When I came out about my deep dark secret, it was met with howls of disbelief. It is not possible. What does your mother say? How will you manage? How can you still be a good Bengali boy?
But it was true. I was a Bengali who disliked fish. It was a betrayal as sharp as the crooked bones of the devilish koi fish that hooks onto the roof of your mouth with vicious tenacity.
It was not quite a black-and-white binary. There were fish I liked, even loved — hilsa, prawns, tengra, small crispy fried mourala (but only when crispy fried), the bewhiskered magur in a summery stew, a roe-laden paarshey, freshly fried. But in general I dislike fish, am terribly picky about it, avoid it if I can and cannot stand the staple of Bengali lunches — rohu curry and its kith and kin with names like gurjali, charapona and tilapia.
An All India Fish Protection Committee has surfaced on social media to protect fish because after all Lord Vishnu had a matsya avatar.
And then I read that something called an All India Fish Protection Committee has surfaced on social media to protect fish because after all Lord Vishnu had a matsya avatar.
It looks like a joke and it certainly reads like one:
Matsya-avatar bhogobaner ekti roop.
Matsya bhakkhan ishwar bhakkhaner samatulya.
Amader matsya rokkha committeer sodoshyara shob jaygaay lokhho raakchhey. Matsya bhokkhon dekhley udom pituni hobey.
(Matsya or Fish avatar is another representation of God. Eating fish is like eating God. Our fish protection committee's members are keeping watch everywhere. As soon as they see fish-eating they will deliver a sound thrashing.)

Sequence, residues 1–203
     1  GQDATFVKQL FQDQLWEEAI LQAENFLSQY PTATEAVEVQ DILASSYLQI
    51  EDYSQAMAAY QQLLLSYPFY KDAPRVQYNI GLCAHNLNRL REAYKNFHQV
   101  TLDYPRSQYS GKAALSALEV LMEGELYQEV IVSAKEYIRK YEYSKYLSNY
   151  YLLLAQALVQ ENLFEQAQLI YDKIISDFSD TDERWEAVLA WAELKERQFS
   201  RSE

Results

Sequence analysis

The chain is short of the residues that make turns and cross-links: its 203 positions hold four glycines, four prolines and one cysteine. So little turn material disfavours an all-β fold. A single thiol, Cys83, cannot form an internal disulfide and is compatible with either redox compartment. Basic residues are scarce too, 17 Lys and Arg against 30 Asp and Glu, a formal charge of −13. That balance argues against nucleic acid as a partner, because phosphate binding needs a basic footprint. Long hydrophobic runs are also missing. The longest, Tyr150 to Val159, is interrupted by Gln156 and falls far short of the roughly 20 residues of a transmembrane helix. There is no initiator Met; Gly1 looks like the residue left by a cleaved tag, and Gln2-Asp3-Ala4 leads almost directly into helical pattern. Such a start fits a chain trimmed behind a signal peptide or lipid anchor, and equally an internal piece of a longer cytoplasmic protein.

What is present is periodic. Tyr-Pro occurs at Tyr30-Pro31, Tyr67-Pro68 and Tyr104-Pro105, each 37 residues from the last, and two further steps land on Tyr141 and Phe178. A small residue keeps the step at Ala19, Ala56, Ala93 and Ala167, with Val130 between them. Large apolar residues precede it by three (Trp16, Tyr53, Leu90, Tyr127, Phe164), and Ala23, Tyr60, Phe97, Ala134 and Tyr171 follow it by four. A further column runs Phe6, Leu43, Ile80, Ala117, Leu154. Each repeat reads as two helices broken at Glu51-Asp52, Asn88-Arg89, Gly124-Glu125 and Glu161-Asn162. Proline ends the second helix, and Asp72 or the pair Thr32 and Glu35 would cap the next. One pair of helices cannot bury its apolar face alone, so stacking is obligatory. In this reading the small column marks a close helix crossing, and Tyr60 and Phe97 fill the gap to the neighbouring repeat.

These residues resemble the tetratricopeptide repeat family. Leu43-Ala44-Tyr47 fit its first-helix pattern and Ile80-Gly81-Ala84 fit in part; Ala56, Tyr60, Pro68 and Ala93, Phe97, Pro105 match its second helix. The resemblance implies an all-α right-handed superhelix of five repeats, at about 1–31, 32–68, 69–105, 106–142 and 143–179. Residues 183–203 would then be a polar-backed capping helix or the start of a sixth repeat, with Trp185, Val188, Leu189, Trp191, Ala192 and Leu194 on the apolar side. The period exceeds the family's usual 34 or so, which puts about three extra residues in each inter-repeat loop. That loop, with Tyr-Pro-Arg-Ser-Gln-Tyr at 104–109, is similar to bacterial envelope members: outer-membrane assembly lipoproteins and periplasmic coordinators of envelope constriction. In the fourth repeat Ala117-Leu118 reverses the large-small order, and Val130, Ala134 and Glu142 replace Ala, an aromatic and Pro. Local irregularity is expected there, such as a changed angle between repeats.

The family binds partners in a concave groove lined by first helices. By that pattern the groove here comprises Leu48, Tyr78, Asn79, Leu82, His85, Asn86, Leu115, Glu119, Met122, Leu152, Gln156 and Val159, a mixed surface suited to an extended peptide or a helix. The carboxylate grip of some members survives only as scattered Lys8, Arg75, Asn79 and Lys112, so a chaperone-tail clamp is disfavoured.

Honestly, that sounds like a spoof of the ultra-zealous anti-Romeo squads and gau-raksha vigilantes that are so much in the news these days. As Abraham Lincoln famously said, we must not believe everything just because it's on the internet. Not even the most militant vegetarian crusader can be planning to ambush Bengali gentlemen with their famous grubby striped nylon (and thus easily washable) maachher tholi (fish shopping bag) in order to see if there is anything fishy inside.
I cannot imagine the fish crusaders setting foot in the smelly fish market where the floors are wet and covered with silvery scales and fish guts, and the huge bontis stained with the dripping blood of giant rohu and katla fish. Watch how scared CNN was when it accompanied acclaimed chef Gaggan Anand to a fish market in Kolkata.
"A fish could win the heart of a Bengali or could destroy your friendship with him," Anand tells CNN. The Fish Protection Committee should pay heed.
But for one moment, it's delicious to imagine the soldiers of our cultural purity flailing as they try to save not just cows but fish and all other avatars of Vishnu from abuse — tortoises and boars and dwarves.
Of course, fish in Bengal is the holiest of holies. It is worshipped, smeared with turmeric and sindoor, given to the newly-arrived bride to hold in her hand as a promise of prosperity. It is also eaten with gusto and relish — in kaalias, jhols, paturis, tawks, bhajas. Even its debris, its head and bones sneak their way into dals and veggies to terrorise the unsuspecting like myself.